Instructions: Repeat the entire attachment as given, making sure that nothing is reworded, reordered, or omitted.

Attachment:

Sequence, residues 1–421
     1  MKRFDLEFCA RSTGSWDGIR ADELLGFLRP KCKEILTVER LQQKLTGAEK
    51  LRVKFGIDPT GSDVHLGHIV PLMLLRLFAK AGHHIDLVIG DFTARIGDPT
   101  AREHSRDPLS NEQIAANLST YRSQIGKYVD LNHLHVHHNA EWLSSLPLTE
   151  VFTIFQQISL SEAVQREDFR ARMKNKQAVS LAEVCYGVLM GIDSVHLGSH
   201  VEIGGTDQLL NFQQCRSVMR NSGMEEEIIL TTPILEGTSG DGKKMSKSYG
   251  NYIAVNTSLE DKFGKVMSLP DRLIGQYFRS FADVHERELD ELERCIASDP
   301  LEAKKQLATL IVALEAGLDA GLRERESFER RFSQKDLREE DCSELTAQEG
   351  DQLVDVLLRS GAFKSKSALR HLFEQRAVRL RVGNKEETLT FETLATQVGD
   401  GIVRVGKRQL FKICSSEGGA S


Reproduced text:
Sequence, residues 1–421
     1  MKRFDLEFCA RSTGSWDGIR ADELLGFLRP KCKEILTVER LQQKLTGAEK
    51  LRVKFGIDPT GSDVHLGHIV PLMLLRLFAK AGHHIDLVIG DFTARIGDPT
   101  AREHSRDPLS NEQIAANLST YRSQIGKYVD LNHLHVHHNA EWLSSLPLTE
   151  VFTIFQQISL SEAVQREDFR ARMKNKQAVS LAEVCYGVLM GIDSVHLGSH
   201  VEIGGTDQLL NFQQCRSVMR NSGMEEEIIL TTPILEGTSG DGKKMSKSYG
   251  NYIAVNTSLE DKFGKVMSLP DRLIGQYFRS FADVHERELD ELERCIASDP
   301  LEAKKQLATL IVALEAGLDA GLRERESFER RFSQKDLREE DCSELTAQEG
   351  DQLVDVLLRS GAFKSKSALR HLFEQRAVRL RVGNKEETLT FETLATQVGD
   401  GIVRVGKRQL FKICSSEGGA S